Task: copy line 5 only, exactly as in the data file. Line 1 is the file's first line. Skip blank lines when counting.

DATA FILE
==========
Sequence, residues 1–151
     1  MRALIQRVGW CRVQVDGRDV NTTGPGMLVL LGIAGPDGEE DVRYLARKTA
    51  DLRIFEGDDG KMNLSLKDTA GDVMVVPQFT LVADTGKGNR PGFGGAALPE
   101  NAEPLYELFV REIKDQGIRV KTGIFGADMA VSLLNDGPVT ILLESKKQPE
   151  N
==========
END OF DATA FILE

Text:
   151  N